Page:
Permanent workers?

Considering that creating workers is expensive (especially on Windows - just ask Aaron) would it not make sense to have the option to make them permanent until you send them the quit command? For example I have a text file of over 1 GB (a complete proteome) where I would send a “paragraph” (a single protein sequence) to be processed (digested), and an array of words (peptide fragments) would be returned.

The text file can easily contain a hundred thousand paragraphs, so any speed up due to using multiple cores would be wiped out by the cost of creating and destroying workers.

(and just for the record, I know that I can pre-process the large text file and get each worker a larger portion, say 20,000 paragraphs, to process, with each creating an output file for the main app to combine the results … but that then is disk based transfer which again is slow … so memory based data zipping back and forth might be much quicker).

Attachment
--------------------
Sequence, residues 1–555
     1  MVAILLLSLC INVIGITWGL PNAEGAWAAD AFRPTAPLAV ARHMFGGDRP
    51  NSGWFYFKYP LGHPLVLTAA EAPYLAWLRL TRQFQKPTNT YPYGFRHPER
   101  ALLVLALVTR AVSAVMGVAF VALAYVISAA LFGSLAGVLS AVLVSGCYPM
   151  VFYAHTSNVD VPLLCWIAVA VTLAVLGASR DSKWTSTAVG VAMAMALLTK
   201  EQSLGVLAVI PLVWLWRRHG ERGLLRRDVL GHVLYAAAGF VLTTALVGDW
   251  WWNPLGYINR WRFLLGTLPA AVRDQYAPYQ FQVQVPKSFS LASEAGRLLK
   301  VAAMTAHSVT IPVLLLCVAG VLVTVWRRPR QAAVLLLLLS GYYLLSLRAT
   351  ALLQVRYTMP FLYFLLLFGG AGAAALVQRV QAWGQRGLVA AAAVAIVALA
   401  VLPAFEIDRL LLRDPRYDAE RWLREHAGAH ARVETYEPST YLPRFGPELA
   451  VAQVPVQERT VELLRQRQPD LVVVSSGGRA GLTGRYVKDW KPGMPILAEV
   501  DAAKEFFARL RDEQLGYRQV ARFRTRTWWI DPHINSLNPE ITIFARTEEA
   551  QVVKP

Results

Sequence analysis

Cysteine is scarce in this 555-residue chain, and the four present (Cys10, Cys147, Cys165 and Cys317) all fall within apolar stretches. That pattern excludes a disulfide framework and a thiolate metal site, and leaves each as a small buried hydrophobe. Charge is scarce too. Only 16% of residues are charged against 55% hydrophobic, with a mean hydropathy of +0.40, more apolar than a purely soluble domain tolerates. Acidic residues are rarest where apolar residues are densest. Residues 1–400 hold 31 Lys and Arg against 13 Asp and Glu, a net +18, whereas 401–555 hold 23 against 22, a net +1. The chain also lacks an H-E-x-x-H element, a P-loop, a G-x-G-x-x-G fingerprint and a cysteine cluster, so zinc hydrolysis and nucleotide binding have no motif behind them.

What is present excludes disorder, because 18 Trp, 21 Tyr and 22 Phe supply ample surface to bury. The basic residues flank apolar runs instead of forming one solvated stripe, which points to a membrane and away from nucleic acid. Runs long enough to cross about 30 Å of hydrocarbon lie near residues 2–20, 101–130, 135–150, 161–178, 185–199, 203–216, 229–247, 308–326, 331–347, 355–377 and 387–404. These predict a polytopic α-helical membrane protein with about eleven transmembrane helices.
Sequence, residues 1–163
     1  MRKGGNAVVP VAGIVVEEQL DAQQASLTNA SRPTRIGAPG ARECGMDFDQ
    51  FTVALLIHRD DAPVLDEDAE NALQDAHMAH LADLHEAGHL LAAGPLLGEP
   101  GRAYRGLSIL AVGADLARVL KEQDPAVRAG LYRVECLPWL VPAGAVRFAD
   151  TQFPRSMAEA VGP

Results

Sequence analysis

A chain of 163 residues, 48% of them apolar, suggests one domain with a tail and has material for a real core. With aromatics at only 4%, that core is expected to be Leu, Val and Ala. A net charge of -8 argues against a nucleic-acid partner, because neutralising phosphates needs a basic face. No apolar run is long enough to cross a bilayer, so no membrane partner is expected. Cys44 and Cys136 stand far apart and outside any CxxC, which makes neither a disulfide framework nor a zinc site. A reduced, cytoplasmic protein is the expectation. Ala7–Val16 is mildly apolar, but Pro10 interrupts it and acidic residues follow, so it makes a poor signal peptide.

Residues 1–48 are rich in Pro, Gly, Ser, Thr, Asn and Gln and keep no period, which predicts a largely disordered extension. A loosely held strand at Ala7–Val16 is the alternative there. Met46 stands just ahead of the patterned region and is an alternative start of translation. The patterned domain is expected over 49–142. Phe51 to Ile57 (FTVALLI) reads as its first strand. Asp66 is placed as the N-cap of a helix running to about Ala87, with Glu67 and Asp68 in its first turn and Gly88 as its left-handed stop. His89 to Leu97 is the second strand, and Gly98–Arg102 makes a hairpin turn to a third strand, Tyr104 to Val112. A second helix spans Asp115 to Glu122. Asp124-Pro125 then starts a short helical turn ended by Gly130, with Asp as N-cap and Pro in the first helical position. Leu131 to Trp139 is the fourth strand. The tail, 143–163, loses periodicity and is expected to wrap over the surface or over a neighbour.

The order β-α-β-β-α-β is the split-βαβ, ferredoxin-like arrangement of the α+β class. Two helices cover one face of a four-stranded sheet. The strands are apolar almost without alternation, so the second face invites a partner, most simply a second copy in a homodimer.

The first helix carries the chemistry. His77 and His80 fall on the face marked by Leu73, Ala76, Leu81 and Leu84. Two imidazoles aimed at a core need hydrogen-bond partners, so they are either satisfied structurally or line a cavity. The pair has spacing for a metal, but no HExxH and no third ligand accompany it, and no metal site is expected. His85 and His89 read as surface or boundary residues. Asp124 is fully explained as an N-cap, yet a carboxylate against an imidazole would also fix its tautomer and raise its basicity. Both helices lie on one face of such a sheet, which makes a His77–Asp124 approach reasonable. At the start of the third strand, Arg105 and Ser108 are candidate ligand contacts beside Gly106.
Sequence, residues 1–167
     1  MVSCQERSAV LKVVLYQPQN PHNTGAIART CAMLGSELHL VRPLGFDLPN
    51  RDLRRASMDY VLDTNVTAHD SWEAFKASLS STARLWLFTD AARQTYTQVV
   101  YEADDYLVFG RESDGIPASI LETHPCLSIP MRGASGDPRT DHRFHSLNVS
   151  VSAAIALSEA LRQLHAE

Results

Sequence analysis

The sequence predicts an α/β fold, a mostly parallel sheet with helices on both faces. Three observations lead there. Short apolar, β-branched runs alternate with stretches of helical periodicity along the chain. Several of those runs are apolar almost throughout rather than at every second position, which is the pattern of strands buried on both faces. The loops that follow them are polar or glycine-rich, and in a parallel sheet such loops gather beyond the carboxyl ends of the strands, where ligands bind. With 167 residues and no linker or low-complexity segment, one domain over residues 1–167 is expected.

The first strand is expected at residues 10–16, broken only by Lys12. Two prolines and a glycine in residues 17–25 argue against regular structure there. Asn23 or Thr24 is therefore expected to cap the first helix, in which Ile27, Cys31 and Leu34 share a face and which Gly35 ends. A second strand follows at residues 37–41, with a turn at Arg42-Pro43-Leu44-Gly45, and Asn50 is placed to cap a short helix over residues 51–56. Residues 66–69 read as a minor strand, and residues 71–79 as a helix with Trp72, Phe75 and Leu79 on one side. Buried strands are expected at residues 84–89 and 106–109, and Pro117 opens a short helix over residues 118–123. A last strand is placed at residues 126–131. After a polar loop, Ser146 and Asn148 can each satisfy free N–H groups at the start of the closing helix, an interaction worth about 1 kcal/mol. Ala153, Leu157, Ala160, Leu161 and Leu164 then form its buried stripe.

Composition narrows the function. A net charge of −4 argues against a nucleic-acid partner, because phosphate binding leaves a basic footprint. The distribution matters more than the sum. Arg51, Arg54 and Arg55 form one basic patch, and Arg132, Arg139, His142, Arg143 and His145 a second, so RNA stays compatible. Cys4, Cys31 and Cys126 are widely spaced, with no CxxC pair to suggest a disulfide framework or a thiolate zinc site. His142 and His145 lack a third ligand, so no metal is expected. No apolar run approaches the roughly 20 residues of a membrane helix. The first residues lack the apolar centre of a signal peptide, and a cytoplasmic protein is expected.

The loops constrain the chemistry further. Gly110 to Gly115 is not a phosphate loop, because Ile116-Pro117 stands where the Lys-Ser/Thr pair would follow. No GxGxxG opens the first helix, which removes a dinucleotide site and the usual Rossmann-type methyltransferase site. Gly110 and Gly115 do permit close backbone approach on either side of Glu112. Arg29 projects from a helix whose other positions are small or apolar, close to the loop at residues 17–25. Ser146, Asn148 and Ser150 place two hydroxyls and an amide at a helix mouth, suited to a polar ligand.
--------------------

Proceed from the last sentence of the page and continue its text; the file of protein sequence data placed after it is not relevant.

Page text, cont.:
I have not looked at workers yet but could not teh solution for this situation is the worker idle sleep for x mSec (using App.DoEvents(mSec) in the worker … assuming that is possible? ). When the DO event loop runs it can get/Send messages. The controlling app occasionally either sends the data for a job to the worker or occasionally sends a stay alive message.

If the worker does not get a stay alive message or a job in a certain amount of time, it then quits assuming the main app has terminated.

If the App’s stay alive message to the worker is not answered, it assumes the worker has died and spawns another worker to take it’s place.

That way the worker can stay alive but not use much CPU when not running a job.

-Karen

As long as you feed the worker, it stays alive, and you can sleep the worker as you would a Thread, so the simple solution might be to develop a communication system where you can tell the worker to stand by.

During the initial tests I explained exactly what Markus and most people will need. A Worker as it is is half baked. It needs IPC. Process intercomm. Messaging and Events.

image

My only concern with this on the Mac is at some point the OS may “nap” the worker, and at that point it may take longer to wake up (especially with IPC) than simply launching a new instance.

If the OS put a worker in a nap with 93% of one task complete, it should be much better waking it up, than start over.